WASHINGTON, D.C. – A bill passed today by the U.S. House of Representatives would consolidate the current maze of workforce development programs, cutting needless bureaucracy and passing on the savings to help more Americans land good jobs.
U.S. Representative Martha Roby (R-AL) co-sponsored the SKILLS (Supporting Knowledge and Investing in Lifelong Skills) Act and successfully added an amendment to ensure greater accountability of taxpayer funds. Speaking on the House floor before the vote, Rep. Roby said this bill presents a rare opportunity to make the federal government more efficient.
“Currently over 30 different agencies are involved in workforce development or unemployment services. Why? Because Washington loves creating a bureaucracy, but rarely ever ends one. The SKILLS Act changes that by consolidating these myriad departments into one workforce development platform tasked with equipping unemployed or underemployed workers with the skills they need to land a good job.”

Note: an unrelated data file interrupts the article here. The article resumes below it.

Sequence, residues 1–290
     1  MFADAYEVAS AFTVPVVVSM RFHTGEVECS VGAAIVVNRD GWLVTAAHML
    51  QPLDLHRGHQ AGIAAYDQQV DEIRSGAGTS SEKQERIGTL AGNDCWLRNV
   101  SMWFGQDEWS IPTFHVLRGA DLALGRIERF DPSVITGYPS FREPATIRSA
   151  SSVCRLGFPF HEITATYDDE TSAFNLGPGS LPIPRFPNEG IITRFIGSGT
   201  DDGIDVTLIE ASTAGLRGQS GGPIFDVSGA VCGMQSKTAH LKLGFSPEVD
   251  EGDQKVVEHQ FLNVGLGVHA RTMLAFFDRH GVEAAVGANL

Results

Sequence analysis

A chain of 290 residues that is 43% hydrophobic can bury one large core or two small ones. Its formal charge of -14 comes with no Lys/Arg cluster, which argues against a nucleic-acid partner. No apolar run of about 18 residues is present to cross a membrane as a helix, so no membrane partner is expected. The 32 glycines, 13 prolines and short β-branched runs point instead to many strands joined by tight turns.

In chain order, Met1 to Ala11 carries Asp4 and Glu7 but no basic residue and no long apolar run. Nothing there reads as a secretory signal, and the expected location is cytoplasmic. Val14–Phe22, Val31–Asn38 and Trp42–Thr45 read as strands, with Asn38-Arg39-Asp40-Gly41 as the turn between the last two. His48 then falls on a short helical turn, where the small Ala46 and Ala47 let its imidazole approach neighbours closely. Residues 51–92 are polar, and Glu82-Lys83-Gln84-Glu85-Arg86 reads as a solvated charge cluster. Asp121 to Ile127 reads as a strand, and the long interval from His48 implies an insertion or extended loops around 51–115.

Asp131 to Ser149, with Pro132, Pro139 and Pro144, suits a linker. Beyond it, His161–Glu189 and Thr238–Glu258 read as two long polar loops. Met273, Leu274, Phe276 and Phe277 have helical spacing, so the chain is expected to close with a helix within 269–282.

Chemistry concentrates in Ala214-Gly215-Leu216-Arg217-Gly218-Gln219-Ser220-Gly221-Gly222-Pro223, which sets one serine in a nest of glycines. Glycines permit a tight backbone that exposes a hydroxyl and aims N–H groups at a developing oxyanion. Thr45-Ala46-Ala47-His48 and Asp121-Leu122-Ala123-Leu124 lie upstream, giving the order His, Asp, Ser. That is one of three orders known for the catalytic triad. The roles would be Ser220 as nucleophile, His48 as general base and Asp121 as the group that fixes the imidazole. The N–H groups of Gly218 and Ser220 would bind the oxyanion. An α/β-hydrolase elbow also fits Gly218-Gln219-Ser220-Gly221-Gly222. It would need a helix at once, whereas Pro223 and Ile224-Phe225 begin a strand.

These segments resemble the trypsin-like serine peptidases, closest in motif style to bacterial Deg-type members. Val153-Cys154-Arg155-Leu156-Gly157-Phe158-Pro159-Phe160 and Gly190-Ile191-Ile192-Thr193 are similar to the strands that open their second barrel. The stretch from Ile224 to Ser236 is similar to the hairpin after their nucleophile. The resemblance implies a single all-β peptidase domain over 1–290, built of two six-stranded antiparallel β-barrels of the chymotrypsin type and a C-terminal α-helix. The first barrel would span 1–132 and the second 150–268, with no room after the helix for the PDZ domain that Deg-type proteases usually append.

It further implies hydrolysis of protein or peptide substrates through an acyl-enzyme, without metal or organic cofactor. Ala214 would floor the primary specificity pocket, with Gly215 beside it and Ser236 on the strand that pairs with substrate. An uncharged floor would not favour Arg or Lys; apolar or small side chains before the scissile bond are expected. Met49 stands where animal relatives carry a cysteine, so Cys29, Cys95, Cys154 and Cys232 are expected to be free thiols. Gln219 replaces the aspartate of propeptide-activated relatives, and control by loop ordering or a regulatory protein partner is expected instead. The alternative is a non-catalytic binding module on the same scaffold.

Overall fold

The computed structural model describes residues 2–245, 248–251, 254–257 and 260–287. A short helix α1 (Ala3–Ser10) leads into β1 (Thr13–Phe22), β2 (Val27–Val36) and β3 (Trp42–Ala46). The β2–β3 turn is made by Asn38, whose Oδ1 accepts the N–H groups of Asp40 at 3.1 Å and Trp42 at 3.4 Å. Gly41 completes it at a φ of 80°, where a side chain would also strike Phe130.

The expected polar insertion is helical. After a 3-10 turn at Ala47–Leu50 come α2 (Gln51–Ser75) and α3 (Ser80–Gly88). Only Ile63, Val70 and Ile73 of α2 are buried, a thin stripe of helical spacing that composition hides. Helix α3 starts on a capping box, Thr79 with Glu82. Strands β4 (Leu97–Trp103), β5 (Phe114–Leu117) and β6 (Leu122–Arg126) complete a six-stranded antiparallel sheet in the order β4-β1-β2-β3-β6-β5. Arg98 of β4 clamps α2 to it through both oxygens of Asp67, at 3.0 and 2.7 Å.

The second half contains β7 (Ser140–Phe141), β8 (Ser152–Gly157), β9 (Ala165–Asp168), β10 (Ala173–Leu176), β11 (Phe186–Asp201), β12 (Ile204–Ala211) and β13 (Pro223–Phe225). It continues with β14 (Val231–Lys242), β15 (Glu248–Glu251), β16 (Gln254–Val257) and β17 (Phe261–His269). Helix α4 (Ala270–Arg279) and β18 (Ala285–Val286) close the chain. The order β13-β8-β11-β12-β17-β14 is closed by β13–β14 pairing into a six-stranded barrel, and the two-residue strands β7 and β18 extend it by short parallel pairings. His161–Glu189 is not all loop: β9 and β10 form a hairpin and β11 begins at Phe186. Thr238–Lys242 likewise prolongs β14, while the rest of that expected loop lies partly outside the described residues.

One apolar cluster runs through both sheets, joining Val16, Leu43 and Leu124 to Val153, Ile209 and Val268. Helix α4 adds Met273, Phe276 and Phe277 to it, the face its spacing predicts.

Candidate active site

To watch Rep. Roby’s full remarks online, visit http://www.youtube.com/watch?v=uzJQDXtq7PE.
The bill includes Rep. Roby’s amendment prohibiting any state or local agency from using federal workforce funds authorized by the SKILLS Act to turn around and lobby for more funding, or to engage in political activities. Rep. Roby said including this language is important for ensuring proper use of taxpayer money.
“Workforce development agencies need to be using precious federal resources to help their unemployed workers land jobs – not to lobby Congress for more funds, and certainly not to advance political beliefs.”
The SKILLS Act, H.R. 803, is sponsored by Congresswoman Virginia Foxx (R-NC). The Act reforms programs previously authorized by the Workforce Investment Act, by:
- eliminating duplicative programs and streamlining federal workforce development efforts;
- enhancing flexibility by giving states more authority to direct resources based on their individual needs, and;
- empowering state workforce development agencies to collaborate more with community colleges by removing bureaucratic red tape.
Because the SKILLS Act redirects resources from the bureaucracy to actual job training efforts, Alabama workforce development efforts would receive a financial boost of about $2 million dollars.
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